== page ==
From Kay’s Journal: Review of Journal to Health

 

KJournalWe have come to the end of the 30-Day Digital Journaling Challenge. The brainchild of Journalverse member and Journal to the Self certified instructor Nathan Ohren of EasyJournaling.com and write4life.us, the 30-Day Challenge has brought together more than 1200 writers from around the globe, each engaged for the month of October 2014 in a collective process of writing a journal on a computer, tablet, smart phone, or cloud.

My digital journal of choice is Journal to Health (JTH) , a secure online journaling site that features privacy, convenience, instant retrievability, and an odd sort of intimacy with the digital page, not unlike the feel of a paper journal. JTH’s creator is “Dr. J.” (Jackie) Swensen, a New York psychoanalyst (and Journalverse member) who says, “I call Journal to Health ‘a site for self-discovery’ because I agree with Aristotle, that ‘knowing yourself is the beginning of all wisdom.’ Journal writing helps us know ourselves.”

I volunteered to be a beta-tester of JTH in its first release last summer. I was given a 60-day pass and the instruction to customize it to meet my tastes and use it as much I wanted. I admit to some trepidation; I’m a devoted handwriter, and I like my journal time curled up on the couch, or out on the porch, with coffee. I was secretly sure I wouldn’t be able to sustain a regular digital journal.

Dr. Jacqueline Swensen, founder, Journal to Health

Dr. Jacqueline Swensen, founder, Journal to Health

I was wrong.

Instead of failing, I fell in love.

Immediately I became enchanted by the daily quote about writing/journals/life that appears in my emailbox while I am still dreaming. When I awaken, I pour my first coffee, savor the quote (today’s: “How we spend our days is, of course, how we spend our lives,” by the ever-inspiring Annie Dillard), and click the link  in the email that takes me to my own JTH journal.

From there, it’s a familiar and comfy slide. I  choose my topic from a comprehensive list that includes my own categories and themes. Individualized subtopics provide another layer of detail, metaphor, context — whatever strikes my mood, write, intention, or fancy.

I click the timer in the left column, pre-set for 15 minutes (I can set it for more time, or less.) I write, mindful of time, shooting to get my personal goal of 450 words in.  When I have been writing for 15 minutes, my computer erupts in a wild burst of cheers and applause. That little five-second sound clip is my favorite addiction.

keyboardThe stylish touches of JTH — the wallpaper (background) patterns, the “paper” (writing surface), the fonts that actually do look a little bit like my own printing — all add up to the same sort of comfort and nurturing that I associate with my handwritten journal.

About halfway through my 60-day trial, I started looking for the place I could subscribe. It wasn’t available yet. I tried not to worry, but I worried. I was hooked. I didn’t want my JTH experience to disappear. Fortunately, around Day 50,  a subscription box appeared, and I instantly clicked the button for a $42.95 annual subscription. (I could have also chosen a $3.95 monthly charge.) I spend well over that in paper journals each year — why wouldn’t I gift myself with a year-long digital journal?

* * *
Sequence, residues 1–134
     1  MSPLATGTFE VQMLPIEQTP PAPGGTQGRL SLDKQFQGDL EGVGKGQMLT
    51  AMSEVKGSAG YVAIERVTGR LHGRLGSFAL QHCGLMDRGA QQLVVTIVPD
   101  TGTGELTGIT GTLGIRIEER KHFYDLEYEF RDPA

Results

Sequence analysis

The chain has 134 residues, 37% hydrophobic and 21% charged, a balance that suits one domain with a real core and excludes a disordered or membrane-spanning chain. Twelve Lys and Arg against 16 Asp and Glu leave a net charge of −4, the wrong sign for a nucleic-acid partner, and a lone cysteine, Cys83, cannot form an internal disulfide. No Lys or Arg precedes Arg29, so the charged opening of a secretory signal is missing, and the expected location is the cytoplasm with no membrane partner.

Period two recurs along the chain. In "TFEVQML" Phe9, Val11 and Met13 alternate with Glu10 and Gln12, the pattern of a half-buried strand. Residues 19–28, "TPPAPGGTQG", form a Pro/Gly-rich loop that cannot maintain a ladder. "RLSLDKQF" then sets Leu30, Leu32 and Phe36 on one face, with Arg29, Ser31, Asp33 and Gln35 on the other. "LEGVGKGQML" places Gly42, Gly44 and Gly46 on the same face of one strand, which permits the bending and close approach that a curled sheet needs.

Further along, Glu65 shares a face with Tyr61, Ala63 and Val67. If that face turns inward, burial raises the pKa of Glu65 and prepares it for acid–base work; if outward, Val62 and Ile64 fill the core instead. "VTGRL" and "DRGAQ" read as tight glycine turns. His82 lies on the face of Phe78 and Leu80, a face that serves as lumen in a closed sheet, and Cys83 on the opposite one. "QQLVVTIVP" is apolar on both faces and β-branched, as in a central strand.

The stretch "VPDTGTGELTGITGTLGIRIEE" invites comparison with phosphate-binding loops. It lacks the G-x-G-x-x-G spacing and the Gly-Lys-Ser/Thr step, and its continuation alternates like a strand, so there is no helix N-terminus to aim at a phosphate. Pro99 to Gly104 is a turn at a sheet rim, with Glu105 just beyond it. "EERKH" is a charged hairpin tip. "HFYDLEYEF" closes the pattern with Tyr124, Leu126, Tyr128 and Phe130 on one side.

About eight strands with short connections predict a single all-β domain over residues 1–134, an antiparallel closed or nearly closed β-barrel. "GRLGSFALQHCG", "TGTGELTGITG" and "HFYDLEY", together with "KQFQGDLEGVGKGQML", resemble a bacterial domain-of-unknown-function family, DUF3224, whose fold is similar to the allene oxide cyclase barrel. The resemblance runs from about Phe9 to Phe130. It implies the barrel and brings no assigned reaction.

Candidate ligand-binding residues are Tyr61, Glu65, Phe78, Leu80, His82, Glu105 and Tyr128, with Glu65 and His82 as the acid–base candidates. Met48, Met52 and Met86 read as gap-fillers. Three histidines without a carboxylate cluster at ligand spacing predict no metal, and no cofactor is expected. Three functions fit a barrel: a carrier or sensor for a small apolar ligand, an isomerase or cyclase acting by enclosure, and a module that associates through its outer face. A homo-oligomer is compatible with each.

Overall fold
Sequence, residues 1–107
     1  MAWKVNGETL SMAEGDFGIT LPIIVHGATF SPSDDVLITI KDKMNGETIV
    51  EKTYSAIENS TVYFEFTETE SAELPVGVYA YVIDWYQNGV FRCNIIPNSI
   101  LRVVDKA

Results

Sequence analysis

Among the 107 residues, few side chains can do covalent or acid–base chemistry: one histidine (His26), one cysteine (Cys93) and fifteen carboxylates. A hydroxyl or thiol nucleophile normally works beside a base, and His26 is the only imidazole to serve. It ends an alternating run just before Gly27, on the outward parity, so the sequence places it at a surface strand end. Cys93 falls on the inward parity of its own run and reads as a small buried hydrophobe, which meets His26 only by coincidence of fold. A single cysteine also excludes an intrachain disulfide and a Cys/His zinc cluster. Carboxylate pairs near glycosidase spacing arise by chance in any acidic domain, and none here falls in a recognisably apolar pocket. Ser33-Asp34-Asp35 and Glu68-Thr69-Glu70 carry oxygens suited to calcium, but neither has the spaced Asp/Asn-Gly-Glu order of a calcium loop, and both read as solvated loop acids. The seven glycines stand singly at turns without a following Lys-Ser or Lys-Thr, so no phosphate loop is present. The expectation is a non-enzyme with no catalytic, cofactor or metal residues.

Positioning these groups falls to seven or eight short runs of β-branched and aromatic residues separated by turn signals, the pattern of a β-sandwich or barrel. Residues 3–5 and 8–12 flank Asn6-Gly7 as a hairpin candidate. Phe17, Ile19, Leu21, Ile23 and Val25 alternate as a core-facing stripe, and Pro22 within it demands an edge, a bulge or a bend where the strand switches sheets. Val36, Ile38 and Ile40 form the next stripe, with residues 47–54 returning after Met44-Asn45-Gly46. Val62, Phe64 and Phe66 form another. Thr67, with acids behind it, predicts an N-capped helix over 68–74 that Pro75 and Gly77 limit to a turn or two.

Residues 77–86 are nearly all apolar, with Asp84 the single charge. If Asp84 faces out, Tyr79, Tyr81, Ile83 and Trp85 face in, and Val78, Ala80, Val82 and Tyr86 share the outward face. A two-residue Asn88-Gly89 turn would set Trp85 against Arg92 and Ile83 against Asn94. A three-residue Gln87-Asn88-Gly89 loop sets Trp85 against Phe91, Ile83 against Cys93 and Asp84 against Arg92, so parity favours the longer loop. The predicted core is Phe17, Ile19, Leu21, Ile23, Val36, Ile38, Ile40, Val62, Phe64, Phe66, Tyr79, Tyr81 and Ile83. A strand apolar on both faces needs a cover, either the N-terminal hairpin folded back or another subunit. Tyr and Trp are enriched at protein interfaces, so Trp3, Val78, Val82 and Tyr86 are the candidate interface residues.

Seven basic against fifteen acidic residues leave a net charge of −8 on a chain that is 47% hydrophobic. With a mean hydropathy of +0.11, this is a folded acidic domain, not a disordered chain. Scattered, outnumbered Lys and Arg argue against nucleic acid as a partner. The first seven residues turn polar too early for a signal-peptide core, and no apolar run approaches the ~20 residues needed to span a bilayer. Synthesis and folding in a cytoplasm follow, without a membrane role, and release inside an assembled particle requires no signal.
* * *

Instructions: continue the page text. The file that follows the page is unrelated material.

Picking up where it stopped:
There’s a lot to love about Journal to Health. (Need one more? All US military veterans and families get FREE subscriptions.) You can sign up for your own 30-day free subscription HERE and see if it’s for you.

6 Responses to From Kay’s Journal: Review of Journal to Health

  1. Jackie October 30, 2014 at 10:53 am #

    What a wonderful review! It’s so great to know that you appreciate all the work that went into developing Journal to Health™. I, too, feel an “intimacy” when I’m journaling. The customization we offer is for the people, like me, who are detail oriented (maybe a little OCD?). But there’s no need to do anything but turn on your timer and start journaling after you sign up. Thank you, Kay!

    • Kathleen Adams October 31, 2014 at 6:44 am #

      I do appreciate all the work, Jackie (and I know just how much work it is!) You’ve given us a terrific cloud-based option.

  2. Nathan Ohren October 31, 2014 at 1:45 am #

    Wonderful review! May I repost this on the EasyJournaling website? We will soon be updating the app reviews on the site, and this would make a lovely addition.

    Also, I wanted to make it clear that while the 30-Day Digital Journaling Challenge was first launched in October, it is STILL ACTIVE. Anyone who wants to take the Challenge for themselves is welcome to do so at http://www.EasyJournaling.com/30DayChallenge. It is FREE, and a great way to explore the tips and tools of electronic journaling.

    Thank you, Kay and Dr. J. for being sponsors of this ongoing event, and for your support and input.

    • Kathleen Adams October 31, 2014 at 6:45 am #

      Sure, Nathan, post away! Thanks for pointing out that the 30-Day Challenge hasn’t gone dormant just because the first 30 days are over.

  3. Carol Roberts August 24, 2017 at 10:41 am #

    Here I am now just reading these posts in 2017. Don’t know whether I’ll take you up on this challenge or not–I’m into three separate ones at the moment: one prayer journal in the morning, one as I write along with a book I’m reading in the evening, and one as I journal along with my new classes.

    But you do (did) make this sound tempting!

    • Kay Adams August 28, 2017 at 8:42 am #

      I had to look back at the post to find out what 30-Day Challenge I’d offered! Sad to say the Journal to Health program didn’t last — really too bad because it was a fine project by a gifted practitioner.

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